Neural tube defects, Spina bifida, Anencephaly, Magnesium deficiency, Iran

Pregnancy is a period of increased metabolic requirement for the growing foetus (1)(2)(3). Mineral element nutrition disorders and the metabolism in embryos are potentially mutagenic and teratogenic and can lead to miscarriage and various types of malformations (4)(5)(6). Magnesium is a trace element and is needed for proper bone formation in humans and in various intracellular enzymatic processes. It is an essential element which is required for foetal health (7). The deficiency of magnesium may possibly be associated with pre-term delivery and possibly, with low birth weight. It has been reported that magnesium deficiency during the embryonic period, significantly increase neonatal mortality and morbidity (8)(9)(10)(11)12].

Although there are many reports regarding the effect of Magnesium in the outcome of pregnancy and some other diseases, there are only few studies on the teratogenicity of Magnesium deficiency. Two previous studies have reported the embryotoxic and teratogenic effects of Magnesium deficiency in animal models (13)(14).

Neural tube defects (NTD) are important causes of infant mortality and childhood morbidity (15)(16). Several studies have revealed a high incidence of NTDs (28-32 per 10000) in Iran (17)(18). The aetiology of NTD is considered to be multifactorial, with genetic, environmental and nutritional factors in all, playing some role or the other (19)(20). Therefore, we conducted this study to determine whether there is an association between serum Magnesium levels and neural tube defects in Northern Iran.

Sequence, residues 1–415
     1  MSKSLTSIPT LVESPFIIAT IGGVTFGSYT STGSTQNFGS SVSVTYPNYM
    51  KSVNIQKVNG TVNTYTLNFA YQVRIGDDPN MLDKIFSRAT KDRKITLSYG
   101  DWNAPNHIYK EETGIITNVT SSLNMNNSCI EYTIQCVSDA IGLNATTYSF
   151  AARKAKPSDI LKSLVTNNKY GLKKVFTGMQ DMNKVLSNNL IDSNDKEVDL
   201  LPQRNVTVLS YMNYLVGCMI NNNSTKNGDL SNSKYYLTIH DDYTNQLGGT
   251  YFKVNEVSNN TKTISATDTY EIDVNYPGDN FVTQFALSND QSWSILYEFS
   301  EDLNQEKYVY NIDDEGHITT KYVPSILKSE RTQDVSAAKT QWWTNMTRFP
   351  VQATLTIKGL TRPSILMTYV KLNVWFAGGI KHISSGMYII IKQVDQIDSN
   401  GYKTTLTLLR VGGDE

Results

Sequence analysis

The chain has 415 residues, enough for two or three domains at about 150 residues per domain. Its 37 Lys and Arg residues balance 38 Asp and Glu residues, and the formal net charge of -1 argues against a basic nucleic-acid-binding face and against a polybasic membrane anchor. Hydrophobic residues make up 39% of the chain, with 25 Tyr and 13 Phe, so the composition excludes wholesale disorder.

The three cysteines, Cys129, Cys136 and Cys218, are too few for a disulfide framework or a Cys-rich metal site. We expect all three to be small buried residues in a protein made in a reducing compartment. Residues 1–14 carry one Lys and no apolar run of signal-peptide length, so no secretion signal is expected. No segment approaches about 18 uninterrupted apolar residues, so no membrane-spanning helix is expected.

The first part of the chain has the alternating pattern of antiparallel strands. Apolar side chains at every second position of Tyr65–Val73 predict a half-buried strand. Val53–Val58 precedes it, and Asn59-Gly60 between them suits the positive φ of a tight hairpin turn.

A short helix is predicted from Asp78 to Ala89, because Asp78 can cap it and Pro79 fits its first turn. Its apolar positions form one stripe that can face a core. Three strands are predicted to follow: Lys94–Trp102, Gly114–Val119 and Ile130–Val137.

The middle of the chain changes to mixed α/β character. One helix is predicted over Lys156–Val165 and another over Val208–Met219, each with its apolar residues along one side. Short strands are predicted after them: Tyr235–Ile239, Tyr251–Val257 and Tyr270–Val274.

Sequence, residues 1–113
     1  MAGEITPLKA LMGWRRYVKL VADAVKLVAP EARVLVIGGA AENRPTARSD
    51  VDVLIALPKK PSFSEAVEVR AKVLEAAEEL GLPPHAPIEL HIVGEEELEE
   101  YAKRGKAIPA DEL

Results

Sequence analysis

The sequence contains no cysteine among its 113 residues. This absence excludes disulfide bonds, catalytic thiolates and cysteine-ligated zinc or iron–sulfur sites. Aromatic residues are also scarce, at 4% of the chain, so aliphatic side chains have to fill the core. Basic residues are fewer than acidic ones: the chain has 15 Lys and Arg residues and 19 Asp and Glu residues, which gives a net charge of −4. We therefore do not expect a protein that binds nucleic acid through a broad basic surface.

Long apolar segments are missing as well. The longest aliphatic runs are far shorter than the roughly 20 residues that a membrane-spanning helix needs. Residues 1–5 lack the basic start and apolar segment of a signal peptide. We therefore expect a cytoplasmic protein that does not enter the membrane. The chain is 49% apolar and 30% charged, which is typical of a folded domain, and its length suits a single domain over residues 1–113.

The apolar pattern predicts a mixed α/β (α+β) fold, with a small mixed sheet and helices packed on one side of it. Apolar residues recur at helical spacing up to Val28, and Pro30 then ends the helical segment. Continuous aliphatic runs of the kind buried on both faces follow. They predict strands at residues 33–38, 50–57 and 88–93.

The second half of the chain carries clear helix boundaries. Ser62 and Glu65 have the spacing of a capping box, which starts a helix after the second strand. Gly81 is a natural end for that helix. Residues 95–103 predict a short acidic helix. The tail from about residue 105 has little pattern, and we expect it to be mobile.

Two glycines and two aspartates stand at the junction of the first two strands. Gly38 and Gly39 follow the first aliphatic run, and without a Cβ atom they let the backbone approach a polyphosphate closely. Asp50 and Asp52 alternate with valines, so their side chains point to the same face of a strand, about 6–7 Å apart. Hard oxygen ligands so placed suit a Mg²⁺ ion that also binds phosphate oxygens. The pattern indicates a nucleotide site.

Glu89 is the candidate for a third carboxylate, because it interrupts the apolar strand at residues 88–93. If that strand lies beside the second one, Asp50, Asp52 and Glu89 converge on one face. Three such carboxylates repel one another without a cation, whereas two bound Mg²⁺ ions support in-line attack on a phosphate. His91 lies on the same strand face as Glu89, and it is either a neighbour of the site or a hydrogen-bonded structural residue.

Material and Methods

This hospital based case control study was conducted during 2005-2006 at the Dezyani hospital in Gorgan, which is located in the north of Iran. The study was approved by the Human Research Review Committee at the Gorgan University of Medical Sciences. Dezyani hospital is the largest hospital with a labour facility in Gorgan, a capital city in the Golestan province in northern Iran. This hospital is a referral hospital with an annual rate of more than 6000 deliveries, accounting for 20% of the annual birth in the Golestan province of Iran and the largest portion of deliveries (80%) in the city. Other deliveries (20%) in Gorgan city are carried out in three private medical centers. The patients are usually from the moderate to low socioeconomic class families.